Manchester United Museum & Stadium Tour

Another famous club Manchester United was founded by a group of railway workers in 1878, and in 1908 the team won the English Cup. Its home stadium is Old Trafford, or "Theatre of Dreams", as the English call it. Before the pandemonium, I'll be honest, I even grew fond of this stadium as my university friend Ben was a Manchester United fan and never missed a match. We went to see the game in all kinds of weather, we queued among the crazy fans, we were freezing in the stadium (yes, it was very cold), but it was still an incredible experience.

Day 2: Manchester. Past and future

In the 16th century, Flemish traders brought textiles to Manchester, which made the city famous throughout England. The weaving industry began to flourish, and in the 18th century, cotton helped make Manchester one of the centres of the country's industrial revolution. Fast-flowing rivers rising from the Pennines provided the city with electricity, which made Manchester an ideal location for its first steam-powered cotton mill. Incidentally, the symbol of Manchester is a bee, symbolizing its inhabitants, who in the past worked very hard in those very factories to make the city successful.

Manchester Art Gallery

Manchester Art Gallery is in the heart of the city. I think it was the first place I visited when I first came to Manchester. Even though it is small, there is a lot to see here. You can find works by both English and European artists in the gallery, including Impressionists Paul Cézanne and Pierre Vallette. It also features a collection of Pre-Raphaelite and Victorian paintings.

Manchester Chinatown

There are lots of different cafes and restaurants near the gallery, but if you get bored of chips and chips, I recommend going to Chinatown. It is, by the way, considered to be the second largest in the UK. There you can not only have a delicious meal but also take a lot of atmospheric photos. It's also a place where the pastries are delicious, so be sure to stop by when you're in Manchester.

The Ivy Spinningfields Manchester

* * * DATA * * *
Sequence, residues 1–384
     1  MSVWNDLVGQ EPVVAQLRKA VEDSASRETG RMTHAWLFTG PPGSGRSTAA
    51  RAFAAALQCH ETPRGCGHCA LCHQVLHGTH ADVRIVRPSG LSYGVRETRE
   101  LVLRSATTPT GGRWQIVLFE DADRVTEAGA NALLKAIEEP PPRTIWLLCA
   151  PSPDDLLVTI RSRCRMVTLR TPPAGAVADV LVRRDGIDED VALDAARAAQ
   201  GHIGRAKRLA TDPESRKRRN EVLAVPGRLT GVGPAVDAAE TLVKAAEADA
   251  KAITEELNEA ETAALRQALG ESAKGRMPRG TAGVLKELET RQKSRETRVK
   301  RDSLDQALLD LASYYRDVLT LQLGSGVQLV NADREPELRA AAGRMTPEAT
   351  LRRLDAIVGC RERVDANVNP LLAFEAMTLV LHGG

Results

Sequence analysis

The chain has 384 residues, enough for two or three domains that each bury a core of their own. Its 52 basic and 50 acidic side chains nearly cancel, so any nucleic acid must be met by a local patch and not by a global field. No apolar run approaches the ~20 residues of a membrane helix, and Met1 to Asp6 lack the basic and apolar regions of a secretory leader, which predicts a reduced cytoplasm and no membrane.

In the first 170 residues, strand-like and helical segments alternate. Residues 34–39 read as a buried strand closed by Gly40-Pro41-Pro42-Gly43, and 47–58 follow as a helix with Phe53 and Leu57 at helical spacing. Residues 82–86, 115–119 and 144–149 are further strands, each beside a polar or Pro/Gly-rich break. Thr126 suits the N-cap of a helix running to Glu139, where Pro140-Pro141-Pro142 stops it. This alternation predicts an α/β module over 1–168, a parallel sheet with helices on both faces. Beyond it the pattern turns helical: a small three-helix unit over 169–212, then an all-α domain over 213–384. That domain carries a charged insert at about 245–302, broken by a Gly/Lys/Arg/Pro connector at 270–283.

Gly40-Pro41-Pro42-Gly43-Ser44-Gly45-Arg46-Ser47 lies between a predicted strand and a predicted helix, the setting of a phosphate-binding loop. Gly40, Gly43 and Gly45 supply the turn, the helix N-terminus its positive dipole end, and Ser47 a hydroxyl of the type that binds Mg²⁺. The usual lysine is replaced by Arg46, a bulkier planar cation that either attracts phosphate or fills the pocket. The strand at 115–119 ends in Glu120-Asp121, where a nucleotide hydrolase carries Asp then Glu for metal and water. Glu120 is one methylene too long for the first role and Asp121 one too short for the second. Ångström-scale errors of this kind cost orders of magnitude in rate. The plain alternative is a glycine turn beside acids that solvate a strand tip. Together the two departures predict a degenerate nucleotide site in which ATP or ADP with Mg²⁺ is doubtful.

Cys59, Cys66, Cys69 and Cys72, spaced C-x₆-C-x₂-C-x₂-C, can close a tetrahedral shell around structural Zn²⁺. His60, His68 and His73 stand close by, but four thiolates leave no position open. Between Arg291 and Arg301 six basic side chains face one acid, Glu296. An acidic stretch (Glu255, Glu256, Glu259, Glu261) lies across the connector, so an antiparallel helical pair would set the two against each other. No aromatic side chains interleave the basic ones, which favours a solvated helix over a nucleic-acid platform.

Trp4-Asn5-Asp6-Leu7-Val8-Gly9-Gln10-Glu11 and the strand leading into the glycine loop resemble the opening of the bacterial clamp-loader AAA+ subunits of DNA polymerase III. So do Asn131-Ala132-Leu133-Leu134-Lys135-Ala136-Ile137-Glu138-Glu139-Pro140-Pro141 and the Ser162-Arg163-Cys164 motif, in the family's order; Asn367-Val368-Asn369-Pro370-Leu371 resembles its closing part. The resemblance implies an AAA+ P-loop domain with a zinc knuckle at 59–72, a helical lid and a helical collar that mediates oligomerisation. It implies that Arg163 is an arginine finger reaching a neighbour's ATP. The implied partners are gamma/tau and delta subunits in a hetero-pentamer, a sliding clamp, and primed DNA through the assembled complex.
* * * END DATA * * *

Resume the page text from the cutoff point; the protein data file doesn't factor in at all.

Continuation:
Spinningfields is an area in the centre of Manchester famous for its expensive shops, restaurants and apartment blocks. It gets its name from the narrowest street that used to be here. In English it means "spinning field". All because Spinningfields used to be an industrial area of Manchester with its poverty, homeless children and gangsterism. In 1997, Spinningfields was turned into a business district and today it's full of offices, expensive restaurants and bars such as The Ivy or 20 Stories.

People's History Museum

The People's History Museum is a reminder of the darker side of the city's history and is dedicated to the stories of workers, revolutionaries, voters and ordinary citizens who fought for their rights. It's a good place to learn about the history of Manchester and its people.

IWM North

The Imperial War Museum building in Manchester was built in 2002. Its author, the American architect Daniel Libeskind, wanted the space to be a reflection of the post-war world, so he came up with the concept of a ball divided into three parts. Even if you put them together, a coherent structure is no longer possible - the same thing happens to our world after any armed confrontations.

Media City UK

Just a few steps away from the museum is the Media City complex. This is where the offices of such companies as the BBC and ITV (incidentally, this is where BBC Breakfast is filmed) are located. There are also cosy cafes and restaurants.